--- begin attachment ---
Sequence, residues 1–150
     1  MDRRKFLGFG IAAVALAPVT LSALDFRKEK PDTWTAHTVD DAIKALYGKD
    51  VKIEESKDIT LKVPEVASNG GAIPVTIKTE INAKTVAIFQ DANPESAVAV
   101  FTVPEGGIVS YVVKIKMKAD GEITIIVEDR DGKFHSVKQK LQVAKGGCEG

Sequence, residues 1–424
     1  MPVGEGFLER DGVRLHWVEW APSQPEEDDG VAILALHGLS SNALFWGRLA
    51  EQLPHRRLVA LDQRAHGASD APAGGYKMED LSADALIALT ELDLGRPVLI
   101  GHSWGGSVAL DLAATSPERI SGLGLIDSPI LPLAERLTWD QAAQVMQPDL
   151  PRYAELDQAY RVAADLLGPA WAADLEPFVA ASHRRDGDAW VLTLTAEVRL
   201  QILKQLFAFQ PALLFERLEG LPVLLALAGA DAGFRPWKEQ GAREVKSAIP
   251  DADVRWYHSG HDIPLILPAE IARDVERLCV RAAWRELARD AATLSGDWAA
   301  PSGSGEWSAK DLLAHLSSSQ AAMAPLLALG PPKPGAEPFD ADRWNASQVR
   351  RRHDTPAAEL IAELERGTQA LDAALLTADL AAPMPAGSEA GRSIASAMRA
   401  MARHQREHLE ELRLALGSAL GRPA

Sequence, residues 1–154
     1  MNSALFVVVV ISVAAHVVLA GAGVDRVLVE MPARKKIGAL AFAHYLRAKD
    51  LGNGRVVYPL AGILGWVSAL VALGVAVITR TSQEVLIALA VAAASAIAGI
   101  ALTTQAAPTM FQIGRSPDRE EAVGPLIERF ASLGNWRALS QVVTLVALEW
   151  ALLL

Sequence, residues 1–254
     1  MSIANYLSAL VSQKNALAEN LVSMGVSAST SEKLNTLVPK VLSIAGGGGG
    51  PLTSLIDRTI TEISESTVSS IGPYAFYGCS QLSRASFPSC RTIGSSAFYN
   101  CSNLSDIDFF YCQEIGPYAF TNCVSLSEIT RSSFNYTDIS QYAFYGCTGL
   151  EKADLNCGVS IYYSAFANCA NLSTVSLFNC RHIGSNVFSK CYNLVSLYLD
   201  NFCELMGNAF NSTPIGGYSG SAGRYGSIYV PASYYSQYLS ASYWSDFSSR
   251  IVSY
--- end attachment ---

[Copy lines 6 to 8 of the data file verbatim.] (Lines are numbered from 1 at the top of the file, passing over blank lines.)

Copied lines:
     1  MPVGEGFLER DGVRLHWVEW APSQPEEDDG VAILALHGLS SNALFWGRLA
    51  EQLPHRRLVA LDQRAHGASD APAGGYKMED LSADALIALT ELDLGRPVLI
   101  GHSWGGSVAL DLAATSPERI SGLGLIDSPI LPLAERLTWD QAAQVMQPDL